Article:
file is basically a list of headlines encoded so that it can be
easily used by another program or website. RSS is usually said to
stand for "Really Simple Syndication" and it is relatively
easy to implement and use. RSS is a form of XML (eXtensible Markup
Language), which means that each piece of data in the list
a headline, a description of a story is coded separately
so that a program will know exactly what to do with it.
know what to do with RSS files are called "news aggregators."
They let you read headlines from dozens or hundreds of news sites
at one time. You simply plug in the addresses of the RSS files you
want, such as the ones listed above.
are proliferating, for a variety of platforms and degrees of technical
expertise. Some popular ones are Amphetadesk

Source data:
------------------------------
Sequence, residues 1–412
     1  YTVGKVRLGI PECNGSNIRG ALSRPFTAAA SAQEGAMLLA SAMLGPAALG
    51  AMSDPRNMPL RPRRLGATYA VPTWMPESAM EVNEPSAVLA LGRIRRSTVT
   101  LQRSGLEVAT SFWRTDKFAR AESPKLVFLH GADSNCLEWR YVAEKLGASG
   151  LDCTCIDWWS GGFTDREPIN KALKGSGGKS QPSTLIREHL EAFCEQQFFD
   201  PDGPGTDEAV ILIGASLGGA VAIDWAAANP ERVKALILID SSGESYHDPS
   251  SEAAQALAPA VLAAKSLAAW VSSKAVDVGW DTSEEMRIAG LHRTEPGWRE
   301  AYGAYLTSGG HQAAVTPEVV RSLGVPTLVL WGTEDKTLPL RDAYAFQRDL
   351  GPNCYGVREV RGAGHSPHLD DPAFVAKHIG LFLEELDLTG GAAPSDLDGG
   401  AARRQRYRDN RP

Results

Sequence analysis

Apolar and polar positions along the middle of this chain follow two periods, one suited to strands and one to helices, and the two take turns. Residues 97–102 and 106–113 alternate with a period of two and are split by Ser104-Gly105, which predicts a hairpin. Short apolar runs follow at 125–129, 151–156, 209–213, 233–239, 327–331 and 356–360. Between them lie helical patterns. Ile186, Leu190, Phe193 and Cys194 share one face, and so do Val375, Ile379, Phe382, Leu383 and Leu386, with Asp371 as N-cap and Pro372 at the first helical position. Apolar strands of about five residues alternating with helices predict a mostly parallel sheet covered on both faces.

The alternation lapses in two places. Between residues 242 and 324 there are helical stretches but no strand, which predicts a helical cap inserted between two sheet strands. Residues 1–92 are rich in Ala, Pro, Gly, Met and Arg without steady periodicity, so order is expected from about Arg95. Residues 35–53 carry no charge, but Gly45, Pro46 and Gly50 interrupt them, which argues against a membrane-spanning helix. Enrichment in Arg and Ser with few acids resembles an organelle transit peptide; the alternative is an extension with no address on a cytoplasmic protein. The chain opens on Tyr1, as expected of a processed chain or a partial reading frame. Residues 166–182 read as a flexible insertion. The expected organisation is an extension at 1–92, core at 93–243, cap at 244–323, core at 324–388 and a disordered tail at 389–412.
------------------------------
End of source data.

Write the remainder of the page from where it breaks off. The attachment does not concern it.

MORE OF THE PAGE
(for Windows, Linux, or Mac), Radio
(for Windows or Mac), NetNewsWire
(for Mac), KlipFolio,
NewzCrawler (for Windows),
and FeedReader (a bare-bones
Estonian PC version). [If you use Mozilla
Firefox, their is a internal rss reader
If you don't
want to install any software, you might try a free website Bloglines,
which offers a simple way to read RSS files in your browser. There's
also Oddpost (for Windows),
a web-based e-mail service that includes a built-in aggregator.
packages that require a bit of technical knowledge are Syndirella,
and Wildgrape News Desk
(all require Microsoft's .NET to be installe\d on your PC). A Java
installation is required for nntp//rss,
a program which lets you read RSS files in Outlook Express or any
other newsgroup-reading software. Or if you'd like your RSS headlines
in a news ticker, try wTicker
Once you have
one of these aggregators installed, click on the 'Subscribe' button.
It will take you to a page where you can add the RSS feed to any
of the most popular aggregators with one more click. Or you can
copy the URL from the little orange XML logo next to the RSS feed
you wish to read, and add it to your aggregator manually. This is
a slightly different process for each aggregator, so look to the
help files that come with it."
For more information
on RSS, check out this site.